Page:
Roger Stone Draws the Judge Who Threw Paul Manafort in Jail

Roger Stone, standing.
Joe Raedle / Getty Images

U.S. District Judge Amy Berman Jackson has been assigned to the case of Roger Stone, the Trump-affiliated political operative arrested on Friday for obstructing the investigation of Special Counsel Robert Mueller, Bloomberg reports. Berman’s no-nonsense reputation was solidified last year when she jailed former Trump campaign manager Paul Manafort for witness tampering over the phone.

Stone faces charges of lying to Congress, obstruction of an investigation, and — like Manafort — witness tampering. The seven-count indictment details how the Trump campaign actively sought to benefit from the release of stolen material damaging to Hillary Clinton, Trump’s opponent at the time.

Opponents of the president have rallied around the arrest of Stone, showcasing it as proof that the Trump campaign coordinated illegally to gain an advantage in the 2016 election.

“The indictment of Roger Stone makes clear that there was a deliberate, coordinated attempt by top Trump campaign officials to influence the 2016 election and subvert the will of the American people,” wrote Speaker of the House Nancy Pelosi in a statement. “It is staggering that the President has chosen to surround himself with people who violated the integrity of our democracy and lied to the FBI and Congress about it.”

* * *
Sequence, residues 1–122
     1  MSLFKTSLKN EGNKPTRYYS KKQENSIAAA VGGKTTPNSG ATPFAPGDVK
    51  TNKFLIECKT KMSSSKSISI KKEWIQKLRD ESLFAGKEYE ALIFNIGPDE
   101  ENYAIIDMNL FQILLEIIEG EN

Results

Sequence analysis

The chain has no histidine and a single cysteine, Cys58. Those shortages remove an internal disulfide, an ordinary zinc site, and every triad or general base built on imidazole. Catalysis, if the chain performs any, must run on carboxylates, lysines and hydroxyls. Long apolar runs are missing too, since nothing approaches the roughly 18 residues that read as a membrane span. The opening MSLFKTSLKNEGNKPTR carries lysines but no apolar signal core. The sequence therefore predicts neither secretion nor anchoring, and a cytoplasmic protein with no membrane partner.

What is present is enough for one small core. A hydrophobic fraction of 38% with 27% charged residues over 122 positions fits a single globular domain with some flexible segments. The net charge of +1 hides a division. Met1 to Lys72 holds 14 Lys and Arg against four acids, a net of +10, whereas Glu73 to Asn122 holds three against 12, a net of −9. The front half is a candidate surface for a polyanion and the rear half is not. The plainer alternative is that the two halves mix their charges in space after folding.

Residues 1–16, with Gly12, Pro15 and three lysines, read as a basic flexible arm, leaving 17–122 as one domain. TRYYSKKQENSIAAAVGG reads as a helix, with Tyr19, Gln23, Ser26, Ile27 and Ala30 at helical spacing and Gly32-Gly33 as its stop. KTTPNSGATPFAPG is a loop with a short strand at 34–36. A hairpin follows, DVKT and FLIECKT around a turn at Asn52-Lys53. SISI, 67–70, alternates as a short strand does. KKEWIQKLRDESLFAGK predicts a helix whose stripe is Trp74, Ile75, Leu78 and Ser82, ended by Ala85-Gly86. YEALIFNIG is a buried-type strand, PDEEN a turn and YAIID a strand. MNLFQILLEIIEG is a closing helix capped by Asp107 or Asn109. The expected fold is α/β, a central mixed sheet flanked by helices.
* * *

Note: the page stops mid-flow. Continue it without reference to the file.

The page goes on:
Pelosi’s statement also reaffirmed the importance of the Special Counsel investigation and recommitted to ensuring that it will continue without influence from the president or others.

Stone, a self-described political trickster, has harshly criticized the Mueller investigation and has vowed to fight his own indictment vigorously.

“There’s a war on alternative media,” he said in an interview with Fox News. “There’s a war where they’re trying to criminalize political expression. There’s a war where they’re trying to criminalize free speech.”

Stone, who has yet to face Jackson in court, may find himself on a short leash with respect to the outspoken behavior for which he is known.

“This is not middle school,” Jackson said to Manafort’s lawyers when she sent him to jail for witness tampering. “I can’t take his cellphone.”

Manafort had allegedly been making calls to a variety of key witnesses in the investigation while on house-arrest during his own trial. Jackson also imposed a gag order to curtail discussion of the case with the press.

Stone initially appeared Friday in front of a different judge, shackled and appearing slightly disheveled after an early morning FBI raid pulled him from his home.

“Well, as I’ve always said, the only thing worse than being talked about is not being talked about,” he said to the court when he arrived.